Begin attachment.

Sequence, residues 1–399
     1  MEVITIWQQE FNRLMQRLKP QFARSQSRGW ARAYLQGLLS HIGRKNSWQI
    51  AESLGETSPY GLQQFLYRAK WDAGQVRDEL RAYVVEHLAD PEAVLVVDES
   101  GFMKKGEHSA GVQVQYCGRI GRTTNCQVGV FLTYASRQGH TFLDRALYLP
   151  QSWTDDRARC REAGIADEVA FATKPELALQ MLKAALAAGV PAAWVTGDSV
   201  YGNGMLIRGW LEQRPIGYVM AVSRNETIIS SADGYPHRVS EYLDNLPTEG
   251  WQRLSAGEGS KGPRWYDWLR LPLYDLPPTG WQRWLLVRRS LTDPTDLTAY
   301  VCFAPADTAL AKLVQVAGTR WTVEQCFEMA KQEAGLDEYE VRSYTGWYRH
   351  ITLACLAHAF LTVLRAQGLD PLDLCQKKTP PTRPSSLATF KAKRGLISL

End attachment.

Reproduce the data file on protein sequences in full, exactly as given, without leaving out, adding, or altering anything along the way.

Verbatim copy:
Sequence, residues 1–399
     1  MEVITIWQQE FNRLMQRLKP QFARSQSRGW ARAYLQGLLS HIGRKNSWQI
    51  AESLGETSPY GLQQFLYRAK WDAGQVRDEL RAYVVEHLAD PEAVLVVDES
   101  GFMKKGEHSA GVQVQYCGRI GRTTNCQVGV FLTYASRQGH TFLDRALYLP
   151  QSWTDDRARC REAGIADEVA FATKPELALQ MLKAALAAGV PAAWVTGDSV
   201  YGNGMLIRGW LEQRPIGYVM AVSRNETIIS SADGYPHRVS EYLDNLPTEG
   251  WQRLSAGEGS KGPRWYDWLR LPLYDLPPTG WQRWLLVRRS LTDPTDLTAY
   301  VCFAPADTAL AKLVQVAGTR WTVEQCFEMA KQEAGLDEYE VRSYTGWYRH
   351  ITLACLAHAF LTVLRAQGLD PLDLCQKKTP PTRPSSLATF KAKRGLISL